Top Down Control of Perception
There is increasing evidence for the control of our perceptions by the higher brain centers rather than perception being a pure reflection of the analysis of sensory input.
A recent study showed that an illusion of brightness caused the pupils of the eye to shrink. It was the concept of brightness caused by an illusion that immediately caused the physical response. In another study when people who were hungry looked at words that were flashed very quickly, the visual acuity of the words related to food were seen more clearly and as brighter. The hunger affected the specific visual perception. This effect seemed to occur before the higher cortical centers could change the reaction to a normal acuity. Other studies have shown that poorer children think coins are larger than they are. Another recent study showed a heightened sense of smell when the observer is anxious especially involving negative odors. This prominent pathway between emotional centers and olfactory centers is very important for animal defensiveness.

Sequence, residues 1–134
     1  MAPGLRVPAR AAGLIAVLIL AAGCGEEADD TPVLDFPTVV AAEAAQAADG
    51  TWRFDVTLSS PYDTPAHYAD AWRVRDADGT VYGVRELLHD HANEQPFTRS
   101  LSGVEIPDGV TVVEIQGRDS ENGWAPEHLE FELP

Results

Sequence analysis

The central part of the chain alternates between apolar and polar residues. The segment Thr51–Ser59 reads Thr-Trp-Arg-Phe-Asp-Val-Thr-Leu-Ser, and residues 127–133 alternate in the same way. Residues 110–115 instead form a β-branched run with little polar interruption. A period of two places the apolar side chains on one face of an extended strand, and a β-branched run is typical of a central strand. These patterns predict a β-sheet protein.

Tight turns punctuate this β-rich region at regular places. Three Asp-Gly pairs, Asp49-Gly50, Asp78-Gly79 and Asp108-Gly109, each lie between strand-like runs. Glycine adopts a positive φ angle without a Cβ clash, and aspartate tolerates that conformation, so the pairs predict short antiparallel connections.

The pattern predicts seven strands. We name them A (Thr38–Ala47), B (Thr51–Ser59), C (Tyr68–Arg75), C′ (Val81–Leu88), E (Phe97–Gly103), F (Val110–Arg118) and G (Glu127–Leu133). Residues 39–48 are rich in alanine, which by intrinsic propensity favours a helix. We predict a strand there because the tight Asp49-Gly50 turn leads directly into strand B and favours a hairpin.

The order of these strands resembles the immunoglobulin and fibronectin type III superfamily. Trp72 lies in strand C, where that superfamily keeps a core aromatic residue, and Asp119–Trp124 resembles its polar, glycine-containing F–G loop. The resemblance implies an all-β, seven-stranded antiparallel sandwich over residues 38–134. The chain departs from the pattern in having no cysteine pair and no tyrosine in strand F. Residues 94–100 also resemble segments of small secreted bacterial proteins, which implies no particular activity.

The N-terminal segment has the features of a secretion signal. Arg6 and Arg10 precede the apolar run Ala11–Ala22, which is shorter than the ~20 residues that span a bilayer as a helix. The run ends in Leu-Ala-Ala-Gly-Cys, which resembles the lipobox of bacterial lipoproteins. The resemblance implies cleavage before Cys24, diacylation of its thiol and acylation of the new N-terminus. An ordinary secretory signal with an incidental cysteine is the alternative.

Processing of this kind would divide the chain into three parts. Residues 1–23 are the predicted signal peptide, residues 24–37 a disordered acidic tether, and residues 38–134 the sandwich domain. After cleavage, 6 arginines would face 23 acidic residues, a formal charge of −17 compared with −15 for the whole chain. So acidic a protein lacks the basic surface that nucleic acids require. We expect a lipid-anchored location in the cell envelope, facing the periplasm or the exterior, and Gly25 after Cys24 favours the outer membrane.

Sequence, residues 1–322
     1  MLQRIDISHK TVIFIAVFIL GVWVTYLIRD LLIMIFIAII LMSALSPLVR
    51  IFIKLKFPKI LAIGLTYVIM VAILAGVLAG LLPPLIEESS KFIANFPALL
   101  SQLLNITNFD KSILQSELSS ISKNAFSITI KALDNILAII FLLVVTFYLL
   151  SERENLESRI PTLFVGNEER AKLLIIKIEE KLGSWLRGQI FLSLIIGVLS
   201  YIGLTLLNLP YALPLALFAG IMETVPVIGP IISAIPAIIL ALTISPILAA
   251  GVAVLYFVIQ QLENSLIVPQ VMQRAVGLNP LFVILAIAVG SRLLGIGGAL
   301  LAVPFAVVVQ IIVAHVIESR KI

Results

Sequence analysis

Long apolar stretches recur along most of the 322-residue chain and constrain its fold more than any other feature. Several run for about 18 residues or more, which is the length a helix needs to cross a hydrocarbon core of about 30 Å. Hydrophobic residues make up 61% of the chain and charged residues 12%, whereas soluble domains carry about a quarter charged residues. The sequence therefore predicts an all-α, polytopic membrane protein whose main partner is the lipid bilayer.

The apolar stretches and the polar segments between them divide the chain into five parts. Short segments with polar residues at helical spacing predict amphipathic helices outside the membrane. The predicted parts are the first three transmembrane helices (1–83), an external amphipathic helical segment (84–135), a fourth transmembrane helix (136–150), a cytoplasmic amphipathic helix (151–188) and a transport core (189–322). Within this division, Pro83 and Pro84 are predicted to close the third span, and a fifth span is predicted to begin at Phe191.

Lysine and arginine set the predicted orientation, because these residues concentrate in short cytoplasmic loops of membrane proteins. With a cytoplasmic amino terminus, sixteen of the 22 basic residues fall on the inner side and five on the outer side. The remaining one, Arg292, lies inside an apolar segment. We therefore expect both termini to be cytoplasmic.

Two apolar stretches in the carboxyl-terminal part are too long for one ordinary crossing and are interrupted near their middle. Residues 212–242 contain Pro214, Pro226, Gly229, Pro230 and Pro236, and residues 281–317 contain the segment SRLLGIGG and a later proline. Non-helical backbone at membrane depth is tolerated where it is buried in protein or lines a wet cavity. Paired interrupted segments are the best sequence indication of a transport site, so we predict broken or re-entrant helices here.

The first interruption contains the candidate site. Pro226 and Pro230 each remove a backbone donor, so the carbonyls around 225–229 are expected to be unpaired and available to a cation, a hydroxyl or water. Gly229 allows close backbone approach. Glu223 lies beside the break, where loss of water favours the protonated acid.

A recent study showed that when remembering a scene or a photograph the visual data was expanded to include more than actually existed. This filling in of details that are not present was also noted to occur with the sense of touch. When imagination was impaired by brain damage, this did not occur.
It is very hard to separate thoughts from what is perceived or expected. Recent studies have noted a change in visual perceptions related to top down effects related to intended actions of the one looking. In one study those holding guns had a visual bias to see others holding guns when they weren’t. This could be very important in questions of self-defense, or even for police officers who might perceive others wielding a gun against them when they weren’t. Other studies showed that people with broad shoulders viewed a doorway as more narrow in terms of absolute measurement. Baseball players who are have better batting averages perceive the ball to be bigger than others.